November 11th is Armistice Day, or Veteran’s Day, or so it is called in the United States. For most of my life growing up, Armistice Day was pretty much a “non-holiday”, (except for Federal employees), and a day where there were a few ceremonies to remember the veterans of past wars. The News channels would give a 30 second sound bite of the President laying a wreath at the grave of the Unknown Soldier. I have been touched this year with the way in which the Scots have remembered veterans.
In the United Kingdom, Armistice Day is called “Remembrance Day”, or “Red Poppy Day”. As you will remember, the Armistice to end the first World War was signed at 11:00 a.m. on the 11th day of the 11th month of 1918.
For a fortnight leading up to November 11th many people in Scotland, and around the UK have been wearing a red poppy as a symbol of their “remembrance” of the wars past and the many men and women who have given their lives to allow us to have the freedoms we enjoy. Little red paper or plastic poppies can be purchased on the street or in many of the market entrances and the cost is a “donation”. The money goes to the Royal British Legion charity. Last year’s Poppy Appeal raised $56 million for the Royal British Legion’s charity work which supports veterans and their families.
There are many poems about Remembrance Day and the poppy. The red is a symbol of the blood that has been shed in war. The black is a symbol of grief for those who have died.
Today (Sunday) was “Remembrance Sunday”. At eleven a.m. we stood in Church and observed two minutes of silence in remembrance of those who gave their lives during the First and Second World War and the many wars that have followed. The remembrance was to recognize the sacrifice made to preserve the freedoms we enjoy today. This was a fitting gesture on a Sunday as it followed the passing of the Sacrament emblems where we had given our “remembrance” of Jesus Christ and his atoning sacrifice for us…a sacrifice that will allow us to return to God’s presence if we keep His commandments.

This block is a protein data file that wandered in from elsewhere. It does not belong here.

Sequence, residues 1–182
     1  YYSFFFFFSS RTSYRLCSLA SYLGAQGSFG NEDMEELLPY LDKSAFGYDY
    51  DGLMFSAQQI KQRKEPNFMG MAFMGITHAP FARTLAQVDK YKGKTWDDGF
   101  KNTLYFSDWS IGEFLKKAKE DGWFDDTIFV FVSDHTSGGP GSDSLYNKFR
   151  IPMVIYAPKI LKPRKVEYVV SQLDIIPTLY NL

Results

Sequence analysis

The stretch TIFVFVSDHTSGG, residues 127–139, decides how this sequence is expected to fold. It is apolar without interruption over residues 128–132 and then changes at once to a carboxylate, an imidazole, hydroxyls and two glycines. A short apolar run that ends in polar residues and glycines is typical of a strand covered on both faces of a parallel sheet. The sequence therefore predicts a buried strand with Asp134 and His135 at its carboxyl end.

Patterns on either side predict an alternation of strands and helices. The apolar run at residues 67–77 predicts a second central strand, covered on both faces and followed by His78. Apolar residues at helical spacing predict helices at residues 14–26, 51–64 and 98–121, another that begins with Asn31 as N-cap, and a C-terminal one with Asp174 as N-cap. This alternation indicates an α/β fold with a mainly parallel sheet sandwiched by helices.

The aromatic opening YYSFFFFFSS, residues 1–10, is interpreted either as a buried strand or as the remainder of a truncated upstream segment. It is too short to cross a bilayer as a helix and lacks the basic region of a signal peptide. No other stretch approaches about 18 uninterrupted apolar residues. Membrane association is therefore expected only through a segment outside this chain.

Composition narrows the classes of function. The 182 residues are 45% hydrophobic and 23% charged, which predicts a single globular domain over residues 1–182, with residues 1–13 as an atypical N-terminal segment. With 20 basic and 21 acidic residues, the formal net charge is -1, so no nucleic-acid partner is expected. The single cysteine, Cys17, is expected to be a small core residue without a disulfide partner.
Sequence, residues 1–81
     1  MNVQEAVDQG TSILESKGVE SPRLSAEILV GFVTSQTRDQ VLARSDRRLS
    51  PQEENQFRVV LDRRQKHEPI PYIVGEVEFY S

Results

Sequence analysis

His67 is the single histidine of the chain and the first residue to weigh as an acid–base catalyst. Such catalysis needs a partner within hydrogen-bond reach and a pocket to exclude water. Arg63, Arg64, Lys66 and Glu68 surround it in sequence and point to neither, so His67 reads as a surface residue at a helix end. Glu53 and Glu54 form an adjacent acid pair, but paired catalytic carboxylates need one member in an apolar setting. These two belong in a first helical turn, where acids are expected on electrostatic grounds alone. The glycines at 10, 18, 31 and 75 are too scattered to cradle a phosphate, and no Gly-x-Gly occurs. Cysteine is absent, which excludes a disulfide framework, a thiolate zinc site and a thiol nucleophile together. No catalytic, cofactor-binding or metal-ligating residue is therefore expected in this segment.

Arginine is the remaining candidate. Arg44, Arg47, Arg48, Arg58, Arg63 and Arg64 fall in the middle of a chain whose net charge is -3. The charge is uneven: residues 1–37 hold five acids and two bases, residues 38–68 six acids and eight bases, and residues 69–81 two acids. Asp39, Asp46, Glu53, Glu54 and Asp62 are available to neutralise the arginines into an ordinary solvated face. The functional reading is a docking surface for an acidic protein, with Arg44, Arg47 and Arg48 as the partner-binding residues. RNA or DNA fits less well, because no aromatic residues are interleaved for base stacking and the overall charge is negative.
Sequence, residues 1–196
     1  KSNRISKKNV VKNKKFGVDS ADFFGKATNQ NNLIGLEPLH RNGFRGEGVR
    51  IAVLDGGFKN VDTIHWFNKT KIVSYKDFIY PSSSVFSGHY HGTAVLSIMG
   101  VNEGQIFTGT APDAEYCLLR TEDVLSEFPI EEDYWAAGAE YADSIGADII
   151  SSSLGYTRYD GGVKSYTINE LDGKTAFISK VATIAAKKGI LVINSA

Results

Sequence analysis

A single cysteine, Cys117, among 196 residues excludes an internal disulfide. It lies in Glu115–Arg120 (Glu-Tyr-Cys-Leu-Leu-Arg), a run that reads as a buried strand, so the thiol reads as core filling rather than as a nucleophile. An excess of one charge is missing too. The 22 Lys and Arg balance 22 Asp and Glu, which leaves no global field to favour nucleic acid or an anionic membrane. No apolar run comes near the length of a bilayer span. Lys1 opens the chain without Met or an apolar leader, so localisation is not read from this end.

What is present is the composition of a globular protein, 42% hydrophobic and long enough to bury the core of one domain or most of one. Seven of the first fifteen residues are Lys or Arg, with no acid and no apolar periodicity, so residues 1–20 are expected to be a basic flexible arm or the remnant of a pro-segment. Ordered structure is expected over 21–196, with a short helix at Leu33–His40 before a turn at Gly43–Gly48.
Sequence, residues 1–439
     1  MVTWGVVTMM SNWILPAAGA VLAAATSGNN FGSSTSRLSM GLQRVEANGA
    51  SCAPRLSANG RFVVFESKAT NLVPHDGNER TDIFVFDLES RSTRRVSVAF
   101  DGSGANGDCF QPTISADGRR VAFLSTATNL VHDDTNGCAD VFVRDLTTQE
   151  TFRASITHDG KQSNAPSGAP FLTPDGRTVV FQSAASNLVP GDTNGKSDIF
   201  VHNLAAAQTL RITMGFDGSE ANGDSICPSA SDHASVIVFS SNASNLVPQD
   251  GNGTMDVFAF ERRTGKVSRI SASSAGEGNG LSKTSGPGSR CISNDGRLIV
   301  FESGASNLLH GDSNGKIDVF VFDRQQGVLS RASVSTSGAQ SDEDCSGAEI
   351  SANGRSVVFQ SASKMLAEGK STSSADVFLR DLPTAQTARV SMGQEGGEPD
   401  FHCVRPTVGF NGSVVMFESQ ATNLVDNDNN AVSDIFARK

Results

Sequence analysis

It is obvious that this “Remembrance Day” is taken more seriously by the Scottish, and the people in the UK, than by most Americans. I think this could be because the first and second world war was much more real to them. They not only lost hundreds of thousands of soldiers in the wars like we did in America, but they also suffered much damage through the bombing raids here in Scotland and in England. As Americans, many have drifted to take for granted the sacrifices made for our liberty and the freedoms we enjoy.
This event today has also had an impact on me this year since by coincidence I have been reading in the Book of Mormon about Captain Moroni and Helaman and his 2000 stripling warriors going into battle against the Lamanites and how they raised the Standard of Liberty as a symbol of their fight to protect “…their homes and their liberties, their wives and their children, and their all, yea, for their rites of worship and their church.” Today has made me very grateful for the country in which we live and the freedoms we enjoy, for the ability to enjoy my family and have the ability to worship freely.
I have learned a wee bit about why the poppy is the symbol of Remembrance Day. The poppy’s origins as a remembrance symbol lie in Canadian soldier John McCrae’s 1915 poem “In Flanders Fields.” He was serving as a Major and a military doctor and was second in command of the 1st Brigade Canadian Field Artillery. It is believed that the death of his friend, Alexis Helmer, was the inspiration for the poem. One account says that he was seen writing the poem sitting on the rear step of an ambulance while looking at Helmer's grave and the vivid red poppies that were springing up amongst the graves in the burial ground.
Tomorrow is Remembrance Day...November 11th. May we all remember!!